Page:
Treating Overactive Bladder Syndrome with Interstim Therapy

The International Continence Society has defined overactive bladder, or OAB, as urgency, with or without urge incontinence, often accompanied with nocturia and frequency in the absence of metabolic or local factors elucidating these symptoms.

Comparison of a normal (left) vs an overactive bladder (right). © Lightspring/Shutterstock.com

Overactive Bladder

Approximately 1 in 11 adults, especially older adults, are affected by OAB. This disorder occurs when the muscular wall of the bladder contracts rapidly, causing urinary urgency—an instant uand unpreventable urge to urinate. There are certain nervous system disorders that may cause OAB. These include strokes, spinal cord injury, dementia, Parkinson’s disease, diabetic neuropathy, and multiple sclerosis, although the factors that cause OAB in majority of patients are not clear.

Treatment may comprise of medications, behavioral therapy, and pelvic muscle strengthening. Previously, pharmacotherapy was looked at as the standard treatment for OAB, but this procedure has been associated with several side effects such as dry eyes and mouth, blurry vision, and constipation. Moreover, studies have demonstrated poor long-term patient compliance with OAB medications.

Interstim Therapy

Interstim therapy is useful for patients who are not able to tolerate anticholinergic medications or have refractory OAB. In this treatment, the pelvic nerves (S-3 nerve root) are electrically stimulated, but mildly, through centrally implanted electrodes in the sacral foramen. While the actual mechanism of action is not fully understood, it has been hypothesized that the normal micturition reflex is moderated by sacral neuromodulation, which activates the somatic afferent inhibition of sensory processing of the bladder inside the spinal cord.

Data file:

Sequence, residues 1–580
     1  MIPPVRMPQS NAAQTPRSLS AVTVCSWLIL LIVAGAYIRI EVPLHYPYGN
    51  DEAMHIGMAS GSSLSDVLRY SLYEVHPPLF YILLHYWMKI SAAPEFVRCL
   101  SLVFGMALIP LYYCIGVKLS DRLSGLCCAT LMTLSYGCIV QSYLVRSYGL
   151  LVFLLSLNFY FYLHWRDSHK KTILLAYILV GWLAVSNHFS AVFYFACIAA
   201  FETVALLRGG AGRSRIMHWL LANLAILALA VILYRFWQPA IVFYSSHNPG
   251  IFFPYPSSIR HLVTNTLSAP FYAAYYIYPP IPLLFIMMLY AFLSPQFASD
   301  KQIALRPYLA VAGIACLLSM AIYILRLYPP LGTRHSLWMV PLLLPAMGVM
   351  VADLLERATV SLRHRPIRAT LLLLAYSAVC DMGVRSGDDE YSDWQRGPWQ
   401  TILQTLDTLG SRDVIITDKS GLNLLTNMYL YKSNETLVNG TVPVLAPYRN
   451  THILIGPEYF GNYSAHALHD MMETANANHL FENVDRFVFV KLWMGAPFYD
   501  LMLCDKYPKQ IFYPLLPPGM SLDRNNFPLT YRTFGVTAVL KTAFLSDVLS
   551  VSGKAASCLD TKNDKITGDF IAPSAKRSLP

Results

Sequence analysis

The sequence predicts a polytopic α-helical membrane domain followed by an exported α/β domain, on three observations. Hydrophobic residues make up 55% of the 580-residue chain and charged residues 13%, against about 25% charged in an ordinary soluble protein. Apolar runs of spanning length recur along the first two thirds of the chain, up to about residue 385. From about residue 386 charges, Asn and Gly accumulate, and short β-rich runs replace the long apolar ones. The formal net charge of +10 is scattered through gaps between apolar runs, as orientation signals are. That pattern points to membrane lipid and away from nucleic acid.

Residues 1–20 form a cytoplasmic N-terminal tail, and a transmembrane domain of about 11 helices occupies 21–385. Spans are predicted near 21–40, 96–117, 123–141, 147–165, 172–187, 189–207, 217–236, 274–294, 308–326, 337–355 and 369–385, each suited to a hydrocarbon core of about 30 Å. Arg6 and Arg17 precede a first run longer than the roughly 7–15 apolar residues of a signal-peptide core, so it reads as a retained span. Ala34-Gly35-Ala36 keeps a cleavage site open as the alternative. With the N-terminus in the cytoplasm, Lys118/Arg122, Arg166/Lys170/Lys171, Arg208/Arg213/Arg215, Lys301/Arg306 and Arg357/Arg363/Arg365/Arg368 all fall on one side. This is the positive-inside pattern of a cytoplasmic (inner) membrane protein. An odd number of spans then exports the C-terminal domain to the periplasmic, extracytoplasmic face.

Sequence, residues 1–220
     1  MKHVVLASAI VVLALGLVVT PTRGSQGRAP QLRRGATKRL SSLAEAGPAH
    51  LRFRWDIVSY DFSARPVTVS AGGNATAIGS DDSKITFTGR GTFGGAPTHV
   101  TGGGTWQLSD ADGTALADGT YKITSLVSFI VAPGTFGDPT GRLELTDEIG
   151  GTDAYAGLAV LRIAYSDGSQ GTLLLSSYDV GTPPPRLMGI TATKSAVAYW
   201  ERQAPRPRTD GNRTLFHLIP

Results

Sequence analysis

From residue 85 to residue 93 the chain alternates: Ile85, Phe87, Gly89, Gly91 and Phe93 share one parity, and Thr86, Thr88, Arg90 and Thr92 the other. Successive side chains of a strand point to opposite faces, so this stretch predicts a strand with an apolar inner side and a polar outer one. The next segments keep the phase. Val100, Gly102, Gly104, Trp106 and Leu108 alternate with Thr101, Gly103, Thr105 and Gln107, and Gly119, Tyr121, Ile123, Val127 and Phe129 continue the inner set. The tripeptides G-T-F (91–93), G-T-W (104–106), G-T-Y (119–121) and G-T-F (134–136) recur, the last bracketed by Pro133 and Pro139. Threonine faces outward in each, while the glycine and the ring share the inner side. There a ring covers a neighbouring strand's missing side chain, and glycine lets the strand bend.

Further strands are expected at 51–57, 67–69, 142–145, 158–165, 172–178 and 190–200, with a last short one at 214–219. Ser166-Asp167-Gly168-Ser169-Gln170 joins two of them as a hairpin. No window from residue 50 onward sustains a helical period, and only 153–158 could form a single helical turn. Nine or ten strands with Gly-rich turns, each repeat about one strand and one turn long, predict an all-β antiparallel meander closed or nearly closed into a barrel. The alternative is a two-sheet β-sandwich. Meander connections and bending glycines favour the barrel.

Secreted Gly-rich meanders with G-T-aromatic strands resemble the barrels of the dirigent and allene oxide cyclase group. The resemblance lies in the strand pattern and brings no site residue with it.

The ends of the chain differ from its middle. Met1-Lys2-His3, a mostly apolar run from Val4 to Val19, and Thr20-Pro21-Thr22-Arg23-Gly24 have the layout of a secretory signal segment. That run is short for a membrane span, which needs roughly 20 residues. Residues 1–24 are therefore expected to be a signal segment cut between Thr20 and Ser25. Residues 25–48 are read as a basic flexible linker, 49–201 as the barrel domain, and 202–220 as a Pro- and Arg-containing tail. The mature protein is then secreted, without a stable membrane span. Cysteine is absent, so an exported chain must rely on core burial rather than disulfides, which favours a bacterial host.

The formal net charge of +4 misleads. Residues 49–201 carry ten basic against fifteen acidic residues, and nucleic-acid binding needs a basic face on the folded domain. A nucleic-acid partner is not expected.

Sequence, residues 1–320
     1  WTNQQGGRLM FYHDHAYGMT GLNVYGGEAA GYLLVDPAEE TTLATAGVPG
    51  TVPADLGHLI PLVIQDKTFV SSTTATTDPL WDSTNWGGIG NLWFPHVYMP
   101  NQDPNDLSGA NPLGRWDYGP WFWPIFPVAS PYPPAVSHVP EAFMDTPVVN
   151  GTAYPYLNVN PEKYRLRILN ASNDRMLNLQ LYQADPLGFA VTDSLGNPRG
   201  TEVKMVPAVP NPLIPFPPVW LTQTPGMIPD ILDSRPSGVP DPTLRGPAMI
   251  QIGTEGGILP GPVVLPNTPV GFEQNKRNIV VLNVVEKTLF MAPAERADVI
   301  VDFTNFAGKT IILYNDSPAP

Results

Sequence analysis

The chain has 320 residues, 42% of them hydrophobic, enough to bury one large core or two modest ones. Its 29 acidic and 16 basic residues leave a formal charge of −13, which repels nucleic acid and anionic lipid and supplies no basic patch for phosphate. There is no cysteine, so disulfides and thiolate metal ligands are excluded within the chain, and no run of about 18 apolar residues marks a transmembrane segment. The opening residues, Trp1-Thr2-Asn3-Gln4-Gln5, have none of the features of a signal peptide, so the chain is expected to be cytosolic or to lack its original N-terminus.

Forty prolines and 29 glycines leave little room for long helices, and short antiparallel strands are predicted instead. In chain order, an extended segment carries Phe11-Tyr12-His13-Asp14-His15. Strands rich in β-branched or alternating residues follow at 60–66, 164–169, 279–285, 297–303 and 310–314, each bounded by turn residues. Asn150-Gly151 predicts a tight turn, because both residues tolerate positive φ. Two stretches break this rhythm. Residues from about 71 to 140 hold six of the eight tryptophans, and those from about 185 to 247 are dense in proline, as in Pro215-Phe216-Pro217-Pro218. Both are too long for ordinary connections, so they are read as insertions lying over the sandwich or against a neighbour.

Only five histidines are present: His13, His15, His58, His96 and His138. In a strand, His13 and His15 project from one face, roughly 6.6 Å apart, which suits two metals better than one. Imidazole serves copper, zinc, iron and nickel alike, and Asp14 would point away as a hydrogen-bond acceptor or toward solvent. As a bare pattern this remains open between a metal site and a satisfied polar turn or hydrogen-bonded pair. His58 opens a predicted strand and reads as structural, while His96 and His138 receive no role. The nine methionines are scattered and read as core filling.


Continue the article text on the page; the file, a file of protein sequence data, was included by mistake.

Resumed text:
Interstim therapy involves two steps—a test phase and implantation phase. While the initial test phase can be carried out either in the operating or office room, the full implantation is invariably conducted in the operating room under anesthesia.

At the time of test phase, the permanent tined lead (when carried out in the operating room) or a temporary test lead wire (when carried out in office) is first passed via the S-3 foramen and then linked to an external stimulator. After completing the test phase, pre- and post-procedure voiding diaries are used to assess the patient. Full implantation is given to patients who show a positive test response, that is, 50% or more improvement to baseline. Following a successful test phase, the battery is implanted in the operating room.

Conclusion

Studies have demonstrated prospective outcomes with interstim therapy for OAB. In fact, one study showed as much as 84% satisfaction among patients who use this therapy. There was another study which reported that 76% of patients were able to achieve success at just six months when compared to 49% of patients who used medications. Generally, interstim therapy has been shown to be an effective and safe option for patients suffering from refractory OAB, with excellent long-term efficacy.

Sources

Acknowledgements

This article has been adapted from content authored by Dr. Mohamed Akl and Dr. Ahmed Akl at the AZ Urogynecology and Pelvic Health Center.

About AZ Urogynecology and Pelvic Health Center

The AZ Urogynecology and Pelvic Health Center is devoted exclusively to the diagnosis and treatment of all urogynecologic, pelvic floor disorders and complex gynecologic problems.

They offer a wide array of advanced diagnostic tools and specialized treatment options.


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Last updated: Jun 28, 2018 at 3:19 AM

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